The Occupation in Figures
Nagorno-Karabakh: 1988-1992, territory 4400 km2; Shusha: may 08, 1992, territory 289 km2; Lachin: may 18, 1992, territory 1840 km2; Kalbajar: april 2, 1993, territory 3054 km2; Aghdam: july 23, 1993, territory 1150 km2; Fizuli: august 23, 1993, territory 1390 km2; Jabrayil: august 23, 1993, territory 1050 km2; Gubadli: august 31, 1993, territory 802 km2; Zangilan: october 29, 1993, territory 707 km2.

Baku insists on substantive talks to resolve Karabakh conflict

Baku insists on substantive talks to resolve Karabakh conflict

06.03.2017

Trend:

 Trend:

A number of key issues in the Nagorno-Karabakh conflict settlement still remain unresolved, said Russia’s Foreign Minister Sergey Lavrov.

He was addressing a press conference, held after the talks with his Azerbaijani counterpart Elmar Mammadyarov in Moscow March 6.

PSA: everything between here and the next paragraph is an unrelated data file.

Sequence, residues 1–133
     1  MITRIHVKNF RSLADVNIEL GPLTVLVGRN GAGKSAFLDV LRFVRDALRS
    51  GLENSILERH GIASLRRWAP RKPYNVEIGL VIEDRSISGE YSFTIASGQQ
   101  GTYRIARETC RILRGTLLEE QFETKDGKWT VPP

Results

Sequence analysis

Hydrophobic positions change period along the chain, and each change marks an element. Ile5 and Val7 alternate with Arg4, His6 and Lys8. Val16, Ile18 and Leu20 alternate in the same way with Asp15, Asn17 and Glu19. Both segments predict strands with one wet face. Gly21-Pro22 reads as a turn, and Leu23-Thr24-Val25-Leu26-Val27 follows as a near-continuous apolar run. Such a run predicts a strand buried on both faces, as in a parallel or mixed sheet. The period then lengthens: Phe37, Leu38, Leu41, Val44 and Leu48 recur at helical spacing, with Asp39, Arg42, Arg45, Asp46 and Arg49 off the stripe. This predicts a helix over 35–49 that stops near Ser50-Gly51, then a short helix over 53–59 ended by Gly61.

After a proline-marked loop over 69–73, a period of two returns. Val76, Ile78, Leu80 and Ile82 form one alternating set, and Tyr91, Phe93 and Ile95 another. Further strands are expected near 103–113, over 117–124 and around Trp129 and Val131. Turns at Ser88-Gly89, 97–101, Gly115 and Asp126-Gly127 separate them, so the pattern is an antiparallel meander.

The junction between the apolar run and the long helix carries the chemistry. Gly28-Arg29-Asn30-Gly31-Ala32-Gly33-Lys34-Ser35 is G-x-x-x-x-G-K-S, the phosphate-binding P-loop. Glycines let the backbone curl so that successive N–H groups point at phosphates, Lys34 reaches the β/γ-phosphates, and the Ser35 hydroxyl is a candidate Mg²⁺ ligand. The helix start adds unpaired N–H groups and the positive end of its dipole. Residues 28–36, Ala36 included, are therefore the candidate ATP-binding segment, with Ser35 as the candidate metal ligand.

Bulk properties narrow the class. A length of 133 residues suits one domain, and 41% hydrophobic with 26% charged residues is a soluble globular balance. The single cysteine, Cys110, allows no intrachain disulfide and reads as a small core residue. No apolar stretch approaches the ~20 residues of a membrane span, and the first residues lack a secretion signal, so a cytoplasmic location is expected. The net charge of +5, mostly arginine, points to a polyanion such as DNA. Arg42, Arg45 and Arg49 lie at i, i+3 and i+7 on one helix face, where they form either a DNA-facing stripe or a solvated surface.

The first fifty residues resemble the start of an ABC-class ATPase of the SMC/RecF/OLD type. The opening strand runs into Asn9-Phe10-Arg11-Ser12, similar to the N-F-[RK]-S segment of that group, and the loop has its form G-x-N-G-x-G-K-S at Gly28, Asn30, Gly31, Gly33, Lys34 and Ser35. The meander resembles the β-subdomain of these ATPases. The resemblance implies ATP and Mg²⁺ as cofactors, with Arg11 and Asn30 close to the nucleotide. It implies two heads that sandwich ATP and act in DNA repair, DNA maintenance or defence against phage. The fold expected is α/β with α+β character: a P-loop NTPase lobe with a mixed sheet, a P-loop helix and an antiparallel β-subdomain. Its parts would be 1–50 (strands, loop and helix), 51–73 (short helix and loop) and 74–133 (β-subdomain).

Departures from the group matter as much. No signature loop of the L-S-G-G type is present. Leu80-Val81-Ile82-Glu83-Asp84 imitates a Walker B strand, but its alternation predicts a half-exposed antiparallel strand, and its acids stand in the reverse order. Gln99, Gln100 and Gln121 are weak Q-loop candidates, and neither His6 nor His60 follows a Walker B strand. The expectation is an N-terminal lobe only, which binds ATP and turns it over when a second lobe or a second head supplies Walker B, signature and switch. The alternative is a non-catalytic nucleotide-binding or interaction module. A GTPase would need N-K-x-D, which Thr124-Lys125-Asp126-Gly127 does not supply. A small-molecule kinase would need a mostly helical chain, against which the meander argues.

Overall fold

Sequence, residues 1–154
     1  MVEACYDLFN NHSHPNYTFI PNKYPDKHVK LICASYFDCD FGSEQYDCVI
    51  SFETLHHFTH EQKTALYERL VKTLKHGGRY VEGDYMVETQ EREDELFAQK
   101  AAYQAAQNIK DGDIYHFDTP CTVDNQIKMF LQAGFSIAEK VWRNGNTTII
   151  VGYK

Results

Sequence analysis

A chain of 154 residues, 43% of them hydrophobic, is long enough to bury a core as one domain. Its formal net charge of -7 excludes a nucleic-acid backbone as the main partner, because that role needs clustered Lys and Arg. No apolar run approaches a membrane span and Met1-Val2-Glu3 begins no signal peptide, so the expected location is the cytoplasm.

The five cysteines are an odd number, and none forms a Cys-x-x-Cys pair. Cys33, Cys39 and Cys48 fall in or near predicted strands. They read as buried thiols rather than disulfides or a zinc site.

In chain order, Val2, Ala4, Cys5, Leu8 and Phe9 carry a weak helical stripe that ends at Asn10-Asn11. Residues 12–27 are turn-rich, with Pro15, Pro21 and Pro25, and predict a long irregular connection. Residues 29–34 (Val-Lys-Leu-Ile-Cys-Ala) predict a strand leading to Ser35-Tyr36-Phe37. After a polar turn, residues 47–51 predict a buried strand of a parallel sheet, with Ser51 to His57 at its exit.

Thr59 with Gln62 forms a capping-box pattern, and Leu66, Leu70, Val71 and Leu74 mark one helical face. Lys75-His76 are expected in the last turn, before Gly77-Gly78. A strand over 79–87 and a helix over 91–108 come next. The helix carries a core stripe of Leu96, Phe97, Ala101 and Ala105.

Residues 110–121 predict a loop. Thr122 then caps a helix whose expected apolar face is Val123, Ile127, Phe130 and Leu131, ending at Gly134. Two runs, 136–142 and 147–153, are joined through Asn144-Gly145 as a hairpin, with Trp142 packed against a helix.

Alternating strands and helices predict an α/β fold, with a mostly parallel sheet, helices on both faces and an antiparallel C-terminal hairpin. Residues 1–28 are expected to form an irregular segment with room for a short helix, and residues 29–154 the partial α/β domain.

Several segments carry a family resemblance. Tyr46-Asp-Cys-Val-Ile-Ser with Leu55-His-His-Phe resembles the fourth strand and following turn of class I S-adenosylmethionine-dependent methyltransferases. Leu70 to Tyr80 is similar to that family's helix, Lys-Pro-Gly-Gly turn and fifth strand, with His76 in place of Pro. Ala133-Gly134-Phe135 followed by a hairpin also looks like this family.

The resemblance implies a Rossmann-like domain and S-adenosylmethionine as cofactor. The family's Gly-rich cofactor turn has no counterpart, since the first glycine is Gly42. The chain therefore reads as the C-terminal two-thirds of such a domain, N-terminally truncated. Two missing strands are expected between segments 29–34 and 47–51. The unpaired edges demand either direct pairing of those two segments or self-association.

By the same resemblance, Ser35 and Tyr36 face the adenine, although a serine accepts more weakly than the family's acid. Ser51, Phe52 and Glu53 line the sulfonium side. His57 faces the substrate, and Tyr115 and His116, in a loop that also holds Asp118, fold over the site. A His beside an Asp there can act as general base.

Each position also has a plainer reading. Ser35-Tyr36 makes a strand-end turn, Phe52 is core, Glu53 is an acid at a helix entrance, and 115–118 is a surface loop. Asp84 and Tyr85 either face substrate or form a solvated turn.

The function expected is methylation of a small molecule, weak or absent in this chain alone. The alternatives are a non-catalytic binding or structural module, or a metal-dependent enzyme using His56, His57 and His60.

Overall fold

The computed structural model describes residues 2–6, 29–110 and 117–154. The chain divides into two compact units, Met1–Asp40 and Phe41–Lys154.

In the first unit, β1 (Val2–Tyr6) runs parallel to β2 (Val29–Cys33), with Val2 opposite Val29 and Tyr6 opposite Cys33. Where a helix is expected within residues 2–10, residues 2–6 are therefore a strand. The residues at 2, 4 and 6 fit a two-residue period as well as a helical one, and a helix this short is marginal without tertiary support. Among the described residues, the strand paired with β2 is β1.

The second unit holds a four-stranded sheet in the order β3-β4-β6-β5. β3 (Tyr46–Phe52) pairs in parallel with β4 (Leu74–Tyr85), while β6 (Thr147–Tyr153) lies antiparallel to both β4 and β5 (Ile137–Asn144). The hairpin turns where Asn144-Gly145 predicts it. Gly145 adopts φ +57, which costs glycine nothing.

Most issues can be quickly agreed on but the key points still remain unresolved and the sides are currently not yet close to resolving them, according to Lavrov.

Azerbaijani FM Elmar Mammadyarov, in turn, said the main issue in the settlement of the Nagorno-Karabakh conflict is the presence of political will to resolve it.

For Azerbaijan, returning the occupied lands is of national interest, he explained.

“Easing tension is very important for us. It should be understood that when there are negotiations, guns are silent,” Mammadyarov said, adding that today, the negotiation process needs progress.

He also noted that Baku insists on substantive negotiations on the matter.

The conflict between the two South Caucasus countries began in 1988 when Armenia made territorial claims against Azerbaijan. As a result of the ensuing war, in 1992 Armenian armed forces occupied 20 percent of Azerbaijan, including the Nagorno-Karabakh region and seven surrounding districts.

The 1994 ceasefire agreement was followed by peace negotiations. Armenia has not yet implemented four UN Security Council resolutions on withdrawal of its armed forces from the Nagorno-Karabakh and the surrounding districts.